The Venerable Hsu Yun


“One of the stories I like to tell in this regard is a tale of Venerable Master Hsüan Hua’s teacher. Master Hua was the abbot of the City of Ten Thousand Buddhas. He was the person who gave us the land where our monastery is situated, and he and Ajahn Sumedho were very good friends. Master Hua’s teacher, Venerable Master Hsü Yün, was the patriarch of all five lineages of Buddhism in China and was very highly respected. He was the head of the Ch’an lineage, the sutra lineage, the mantra lineage, the Vinaya lineage, and the esoteric lineage. It’s no secret that different sects tend to argue with each other. Yet he was so indisputably pure and skilled that everyone wanted him to be the head. When the Red Chinese took over, they were trying to wipe out religion altogether and so he became a very obvious target. The Chinese army attacked his monastery when he was about 110 years old. They beat him with wooden clubs until he was a bloody heap on the ground and left him for dead. Even though he had broken bones and damaged organs, he recovered. The news of his survival spread around the area.

A while later the Red Army came back and used iron bars to beat him until he was a complete mess. This frail old man was really smashed up and seriously injured, and yet he still didn’t die. His disciples were nursing him and trying to help heal his deep and serious wounds. All of them were amazed that he was still alive. Needless to say, he had incredible meditative powers, so his disciples were convinced that he was sustaining his life energy for them. They believed that the master realized the feeling of grief they would have when he died because they were all very devoted to him. And so they implored him: “Please, don’t stay alive just for our sakes. We’re very touched that you would endure the weeks and weeks of pain and misery because of not wanting to leave us grief stricken. But if it’s time for you to die, we would prefer that you just let yourself go peacefully instead of enduring all this agony.” And he said, “What I’m doing is not for you. It’s true I’m keeping myself alive, but it’s not for your sake, it’s for the soldiers. If I died as a result of their beatings, the karmic retribution for those who attacked me would be so great, I couldn’t bear to be responsible for that.” After that, the army left him alone. He survived and even taught retreats again. The books Ch’an and Zen Training, translated by Charles Luk, are from the Dharma talks that he gave at a retreat four years later. He died when he was 120. He had made a vow to be a monk for one hundred years.”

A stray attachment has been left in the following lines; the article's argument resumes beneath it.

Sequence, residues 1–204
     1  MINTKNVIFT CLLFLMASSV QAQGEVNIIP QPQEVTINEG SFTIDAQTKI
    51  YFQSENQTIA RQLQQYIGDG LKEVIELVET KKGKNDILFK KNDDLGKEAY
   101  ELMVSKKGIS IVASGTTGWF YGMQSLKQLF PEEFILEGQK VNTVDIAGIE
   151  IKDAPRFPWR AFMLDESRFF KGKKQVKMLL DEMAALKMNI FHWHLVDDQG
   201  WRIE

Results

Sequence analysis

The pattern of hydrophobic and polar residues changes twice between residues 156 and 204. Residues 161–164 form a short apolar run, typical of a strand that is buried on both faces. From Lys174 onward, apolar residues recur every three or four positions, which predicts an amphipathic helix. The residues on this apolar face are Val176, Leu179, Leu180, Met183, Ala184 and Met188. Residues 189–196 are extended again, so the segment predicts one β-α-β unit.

~ Ajahn Amaro